In terms of physical size, microbiologist Rita Colwell is a petitie woman. However, her distinguished research and service career has made her a giant in her field. Her research revolves around many aspects of water ecology, including the intersection of the environment and infectious disease (as I wrote about here following a talk she gave this past spring).

Much of her research has focused on Vibrio cholerae, including devising simple (and inexpensive) methods to remove the bacterium from contaminated water using cloth filtration. For these achievements and more, Dr. Colwell will be awarded the National Medal of Science tomorrow. More after the jump…

The National Medal of Science recognizes the outstanding contribution Dr. Colwell has made to the fields of molecular biology and microbiology of the aquatic environment. Dr. Colwell has been at the forefront of research on the bacterium, Vibrio cholerae, the water-borne pathogen responsible for deadly outbreaks of cholera in the developing world. Her research efforts have led to actions that significantly improved drinking water quality and reduced the number of deaths in affected regions of the word, including Bangladesh and India.

Within the United States, Dr. Colwell and her laboratory are examining the distribution and ecological interactions among bacteria, viruses, and plankton in the Chesapeake Bay. She is currently developing an international network to address emerging infectious diseases and water issues, including safe drinking water for both the developed and developing world.

“What a well-deserved and prestigious honor for a real leader in the biological sciences research community,” said Dr. Kent Holsinger, AIBS Past-President and Professor in the Department of Ecology and Evolutionary Biology at the University of Connecticut. “Dr. Colwell’s work has both improved our fundamental understanding of basic biological systems and provided innovative solutions to serious public health challenges.”

Dr. Colwell is the President-elect of the American Institute of Biological Sciences, and will be chairing next year’s annual meeting will be on climate, environment, and infectious diseases in Washington, DC.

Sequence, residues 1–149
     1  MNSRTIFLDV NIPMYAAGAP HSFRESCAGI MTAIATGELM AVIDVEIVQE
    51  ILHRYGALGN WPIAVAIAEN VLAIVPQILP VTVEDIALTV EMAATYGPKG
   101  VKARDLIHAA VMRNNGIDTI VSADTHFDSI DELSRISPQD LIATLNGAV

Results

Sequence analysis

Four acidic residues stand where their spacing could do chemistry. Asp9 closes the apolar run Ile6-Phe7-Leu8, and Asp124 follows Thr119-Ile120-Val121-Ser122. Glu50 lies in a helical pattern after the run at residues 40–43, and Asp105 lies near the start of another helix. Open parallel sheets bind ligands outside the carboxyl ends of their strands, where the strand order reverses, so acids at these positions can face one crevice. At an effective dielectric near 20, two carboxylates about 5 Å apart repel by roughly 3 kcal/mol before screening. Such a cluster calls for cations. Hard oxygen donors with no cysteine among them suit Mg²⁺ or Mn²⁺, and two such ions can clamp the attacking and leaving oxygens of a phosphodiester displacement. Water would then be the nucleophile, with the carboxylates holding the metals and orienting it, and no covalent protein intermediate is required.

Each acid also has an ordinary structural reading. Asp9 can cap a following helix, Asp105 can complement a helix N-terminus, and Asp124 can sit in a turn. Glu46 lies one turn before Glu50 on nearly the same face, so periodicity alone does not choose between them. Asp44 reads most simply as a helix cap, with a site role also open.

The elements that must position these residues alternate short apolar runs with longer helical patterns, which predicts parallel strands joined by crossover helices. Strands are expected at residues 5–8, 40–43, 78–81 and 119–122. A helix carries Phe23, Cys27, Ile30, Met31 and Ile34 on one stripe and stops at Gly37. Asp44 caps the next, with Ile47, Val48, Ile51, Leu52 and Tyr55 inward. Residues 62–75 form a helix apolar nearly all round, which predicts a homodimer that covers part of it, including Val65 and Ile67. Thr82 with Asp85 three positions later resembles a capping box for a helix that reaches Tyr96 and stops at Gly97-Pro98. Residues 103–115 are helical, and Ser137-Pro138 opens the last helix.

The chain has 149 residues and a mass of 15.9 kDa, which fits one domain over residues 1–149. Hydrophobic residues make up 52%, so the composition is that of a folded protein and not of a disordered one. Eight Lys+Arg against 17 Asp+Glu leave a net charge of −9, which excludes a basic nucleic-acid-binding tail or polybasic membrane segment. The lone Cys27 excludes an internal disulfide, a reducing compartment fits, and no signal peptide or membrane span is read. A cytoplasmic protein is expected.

Image from http://www.nsf.gov/pubs/2003/nsf03014/images/Rita.jpg

Comments

  1. #1 Stephen
    July 26, 2007

    A small giant then. Any relation to Madame Maxime?

    Let me get this straight. She got ahold of some cholera bacteria, and looked to see if one could strain it out with cloth? And it worked? Do you boil the cloth later, or can you just let it dry in the sun?

  2. #2 Tara C. Smith
    July 26, 2007

    I can’t recall what they did with the cloth after, but yep, it worked. (I think they’ve also tried it with layered coffee filters, which worked as well). The thing is that vibrios in water are often in association with larger particles and organisms (such as copepods. The layered cloth filters out the zooplankton, which most of the cholera bacteria are attached to, so it significantly reduces the dose of cholera in the water, cheaply making it safer to drink.

  3. #3 Michael
    July 26, 2007

    Very nice job in presenting and emphasizing the life saving work of Dr. Colwell. She most assuredly deserves such recognition.

    Dr. Colwell, along with her extremely simple and common sense discovery is to be saluted and honored as a true and honorable and integrous scientist, as well as a conscientious global citizen who teaches us all by her own wonderful example, and by her deeds, that oftentimes it is the simplest inventions and discoveries that matter the most. And for showing us that it is not what one can get from this world while one is alive that matters such as financial gain or prestige, but what one can give to this world to serve and honor all of mankind while one is alive.

    If more attention were paid to simple and low cost preventatives such as this, the health problems of third world developing nations would be impacted tremendously for the better, and millions of lives and billions of dollars could be saved and put to better use.

    Perhaps another lesson is less focus on crisis management, and more focus on common disease prevention, education, hygiene, clean water, proper nutrition, and the third world countries can be transformed from cesspools of hopelessness and disease and into healthy cohabitants and contributors to the well being of the world, as well as a healthier planet, and a much better place for the future offspring of our offspring to live.

    Thank You Dr. Colwell for what you have given us all, and thank you Tara for spotlighting her wonderful achievement.

  4. #4 Laura
    July 27, 2007

    If I remember what I heard her speak about earlier this year correctly, drying the sari in the sun after straining can do the trick.

    Her own research is undoubtedly important and deserves high praise. She also sees the bigger picture clearly, as evidenced by her work as head of the NSF and other service activities. A great lady and well-deserved award.

  5. #5 Eric
    July 29, 2007

    I remember seeing this woman talk at Tufts University last year – she was engaging, and her description of the scope of public health as a science – everything from sari cloth filters (which according to my memory were chosen because every woman in every household has tons of old sari cloth) to sending probes down to ocean vents to look at primordial Vibrio was one of the most compelling I’ve ever heard.

    I’m glad she’s getting some much deserved praise.